Heath Officials Finally Have a Clue in the Vaping Lung Illness Mystery

Vitamin E acetate is a thickening ingredient found mostly in black market THC products.

nd3000/Getty

The Centers for Disease Control and Prevention announced new lab results on Friday that identify a chemical that may be the cause of recent vaping-related lung illnesses: vitamin E acetate, a thickening ingredient.

Health officials tested lung fluid from 29 people who fell ill after vaping—and detected vitamin E acetate in all samples. The findings are a major step forward in the investigation into the mysterious lung illness that has so far killed 39 people and sickened more than 2,000 people in the US.

“This is the first time,” the CDC’s press release reads, “that we have detected a potential chemical of concern in biologic samples from patients with these lung injuries.” 

Vitamin E, which is found in dietary supplements, cosmetics, and foods like meat, fruit, and vegetables, is typically safe to ingest or apply to the skin, the CDC says. But it may not be safe to inhale. Vitamin E acetate is also a new additive, found mostly in illicit cannabis products, according to marijuana news site Leafly.

Still, it’s still not totally clear whether products containing THC (the psychoactive molecule found in cannabis) or nicotine are to blame, though the results indicate the former: In the 29 lung fluid samples tested by health officials, THC was identified in 82 percent of them; 62 percent of the samples contained nicotine. Most patients reported a history of using THC vaping products, according to the CDC. As I wrote in September, these results reinforce early findings made by state health officials about vitamin E acetate.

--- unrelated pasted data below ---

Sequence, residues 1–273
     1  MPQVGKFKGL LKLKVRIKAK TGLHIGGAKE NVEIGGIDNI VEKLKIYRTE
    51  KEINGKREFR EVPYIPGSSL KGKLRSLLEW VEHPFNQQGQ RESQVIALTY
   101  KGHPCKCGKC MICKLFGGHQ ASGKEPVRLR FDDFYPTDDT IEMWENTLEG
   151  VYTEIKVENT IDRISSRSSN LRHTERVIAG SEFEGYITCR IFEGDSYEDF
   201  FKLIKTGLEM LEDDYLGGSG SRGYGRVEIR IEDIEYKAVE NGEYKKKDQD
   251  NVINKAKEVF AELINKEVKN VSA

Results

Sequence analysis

In light of this discovery, it’s worth noting that we don’t know much about the long-term impacts of vaping:

Modern nicotine e-cigarettes have only been around in the United States for a little more than a decade. With a lack of long-term studies, it’s unclear what the health effects will be for users later in life. For example, according to an extensive 2018 report published by the National Academies of Sciences, Engineering, and Medicine, there have been no long-term studies on the effect of nicotine e-cigarettes on cancer in humans, though there is “substantial evidence” that some chemicals present in nicotine e-cigarettes (e.g., formaldehyde) “are capable of causing DNA damage” and could increase cancer risk.

…Cannabis vaporizers have been on the market for about the same amount of time, but because marijuana is still technically a Schedule I drug under federal law, studying it has an added layer of bureaucracy. “Now that it’s being legalized, more and more scientists are trying to study [marijuana], but it wasn’t fully studied before,” Zelikoff says. “There are very few scientific studies.” 

The CDC recommends that people continue to steer clear of vaping products that contain THC and refrain from buying “any type of e-cigarette” off the street.

FACT:

Mother Jones was founded as a nonprofit in 1976 because we knew corporations and the wealthy wouldn't fund the type of hard-hitting journalism we set out to do.

Today, reader support makes up about two-thirds of our budget, allows us to dig deep on stories that matter, and lets us keep our reporting free for everyone. If you value what you get from Mother Jones, please join us with a tax-deductible donation today so we can keep on doing the type of journalism 2019 demands.

We Recommend

Latest

Give a Year of the Truth

at our special holiday rate

just $12

Order Now

Sign up for our newsletters

Subscribe and we'll send Mother Jones straight to your inbox.

Support our journalism

Help Mother Jones' reporters dig deep with a tax-deductible donation.

Donate

We have a new comment system! We are now using Coral, from Vox Media, for comments on all new articles. We'd love your feedback.